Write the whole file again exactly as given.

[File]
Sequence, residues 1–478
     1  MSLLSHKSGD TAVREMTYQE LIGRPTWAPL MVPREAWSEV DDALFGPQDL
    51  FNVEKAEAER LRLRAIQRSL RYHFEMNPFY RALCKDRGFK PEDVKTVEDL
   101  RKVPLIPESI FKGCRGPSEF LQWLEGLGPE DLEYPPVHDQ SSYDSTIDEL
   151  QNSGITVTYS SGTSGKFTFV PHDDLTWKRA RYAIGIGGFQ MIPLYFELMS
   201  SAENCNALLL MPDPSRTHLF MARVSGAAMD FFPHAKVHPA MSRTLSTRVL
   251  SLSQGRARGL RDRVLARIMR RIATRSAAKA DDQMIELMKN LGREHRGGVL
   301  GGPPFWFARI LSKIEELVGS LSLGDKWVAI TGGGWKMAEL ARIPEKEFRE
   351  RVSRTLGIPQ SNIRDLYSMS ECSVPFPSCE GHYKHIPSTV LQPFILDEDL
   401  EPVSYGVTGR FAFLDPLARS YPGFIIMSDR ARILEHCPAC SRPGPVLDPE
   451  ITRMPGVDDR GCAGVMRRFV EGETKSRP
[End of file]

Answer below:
Sequence, residues 1–478
     1  MSLLSHKSGD TAVREMTYQE LIGRPTWAPL MVPREAWSEV DDALFGPQDL
    51  FNVEKAEAER LRLRAIQRSL RYHFEMNPFY RALCKDRGFK PEDVKTVEDL
   101  RKVPLIPESI FKGCRGPSEF LQWLEGLGPE DLEYPPVHDQ SSYDSTIDEL
   151  QNSGITVTYS SGTSGKFTFV PHDDLTWKRA RYAIGIGGFQ MIPLYFELMS
   201  SAENCNALLL MPDPSRTHLF MARVSGAAMD FFPHAKVHPA MSRTLSTRVL
   251  SLSQGRARGL RDRVLARIMR RIATRSAAKA DDQMIELMKN LGREHRGGVL
   301  GGPPFWFARI LSKIEELVGS LSLGDKWVAI TGGGWKMAEL ARIPEKEFRE
   351  RVSRTLGIPQ SNIRDLYSMS ECSVPFPSCE GHYKHIPSTV LQPFILDEDL
   401  EPVSYGVTGR FAFLDPLARS YPGFIIMSDR ARILEHCPAC SRPGPVLDPE
   451  ITRMPGVDDR GCAGVMRRFV EGETKSRP